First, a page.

Source: http://www.nj.com, May 26, 2016
By: Rebecca Forand
An appeals court has set aside the majority of rulings against the township stemming from the case of a contaminated thermometer plant that later became a daycare center.
The location was previously the Accutherm thermometer plant from 1984 to 1994 and mercury contamination concerns arose in the late 1980s.
After more than a decade of tax sales, foreclosures and bankruptcy, the area was used as Kiddie Kollege — a daycare center housing children from eight months to 13 years old — before the Department of Environmental Protection shut the center down due to the mercury contamination.
A class action lawsuit brought on behalf of the children who attended and the adults who worked or visited Kiddie Kollege asked for a court administered medical monitoring fund, punitive damages and attorney’s fees. It alleged that the township, its construction zoning official, the county and the past and present owners of the site were all liable in the case.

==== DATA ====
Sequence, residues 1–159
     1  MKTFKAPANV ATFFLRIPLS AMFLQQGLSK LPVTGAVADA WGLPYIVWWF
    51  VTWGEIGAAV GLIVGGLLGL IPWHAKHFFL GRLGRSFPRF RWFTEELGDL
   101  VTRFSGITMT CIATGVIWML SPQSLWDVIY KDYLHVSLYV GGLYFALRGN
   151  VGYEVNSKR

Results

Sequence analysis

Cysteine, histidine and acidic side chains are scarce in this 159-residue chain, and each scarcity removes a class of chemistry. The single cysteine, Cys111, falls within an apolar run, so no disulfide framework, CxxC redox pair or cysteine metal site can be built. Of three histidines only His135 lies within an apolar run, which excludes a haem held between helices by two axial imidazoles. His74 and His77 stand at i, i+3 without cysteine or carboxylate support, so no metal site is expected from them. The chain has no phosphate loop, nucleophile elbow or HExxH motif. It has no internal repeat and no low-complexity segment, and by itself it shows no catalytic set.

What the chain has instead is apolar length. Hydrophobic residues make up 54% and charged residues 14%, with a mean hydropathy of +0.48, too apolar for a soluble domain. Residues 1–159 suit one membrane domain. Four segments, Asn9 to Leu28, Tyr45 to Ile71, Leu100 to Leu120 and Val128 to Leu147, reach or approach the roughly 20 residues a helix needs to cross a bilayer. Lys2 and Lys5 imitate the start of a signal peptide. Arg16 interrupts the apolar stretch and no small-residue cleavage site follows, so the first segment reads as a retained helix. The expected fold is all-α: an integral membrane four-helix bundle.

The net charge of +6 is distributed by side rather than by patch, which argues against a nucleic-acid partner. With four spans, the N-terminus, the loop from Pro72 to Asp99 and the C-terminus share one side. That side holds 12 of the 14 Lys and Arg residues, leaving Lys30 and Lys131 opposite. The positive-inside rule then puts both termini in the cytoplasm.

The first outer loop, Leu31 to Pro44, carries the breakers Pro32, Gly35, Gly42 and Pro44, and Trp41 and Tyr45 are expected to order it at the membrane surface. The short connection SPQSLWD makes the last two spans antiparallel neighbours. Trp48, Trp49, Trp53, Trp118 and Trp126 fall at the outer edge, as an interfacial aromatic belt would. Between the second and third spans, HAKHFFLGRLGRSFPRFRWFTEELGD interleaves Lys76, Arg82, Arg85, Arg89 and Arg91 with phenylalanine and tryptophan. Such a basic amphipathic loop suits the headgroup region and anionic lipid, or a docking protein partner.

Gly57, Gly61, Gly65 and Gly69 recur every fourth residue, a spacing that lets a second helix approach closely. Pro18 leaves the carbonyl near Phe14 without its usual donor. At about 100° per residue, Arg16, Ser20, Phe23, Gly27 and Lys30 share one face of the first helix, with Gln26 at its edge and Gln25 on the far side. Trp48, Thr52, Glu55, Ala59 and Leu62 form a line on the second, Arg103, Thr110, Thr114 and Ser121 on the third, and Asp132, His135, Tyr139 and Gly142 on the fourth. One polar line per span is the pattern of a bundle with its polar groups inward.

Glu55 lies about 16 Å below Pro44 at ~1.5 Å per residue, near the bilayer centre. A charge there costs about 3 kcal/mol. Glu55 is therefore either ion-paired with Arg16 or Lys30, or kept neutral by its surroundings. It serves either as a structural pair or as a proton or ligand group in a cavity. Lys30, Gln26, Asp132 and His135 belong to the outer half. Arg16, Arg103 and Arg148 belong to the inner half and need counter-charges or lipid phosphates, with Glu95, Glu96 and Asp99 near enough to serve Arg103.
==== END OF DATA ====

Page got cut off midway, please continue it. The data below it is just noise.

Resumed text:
A trial judge originally found for the plaintiffs, however a recent appeal filed by the township overturned that ruling for Franklin Township and its construction official.
The initial trial judge ruled that Franklin Township was negligent in allowing a construction and zoning permit to be issued at the contaminated site, as its officials were aware of the previous issues.
In a decision published Thursday, however, a three-judge panel overturned that ruling, saying the township was not legally liable, saying as a government agency, it is immune in this case.
As the property was contaminated for more than a decade and had been abandoned, it was up to the property owners to disclose that information.
“The property did not present an immediate threat about which the township had a duty to warn the public,” the court wrote.
This is the latest in a long saga of court decisions regarding Kiddie Kollege. Just last month, the 10-year-long fight over who would have to pay to clean up the site was finally decided when a Supreme Court decision affirmed a lower court ruling putting the onus on the owners of the property.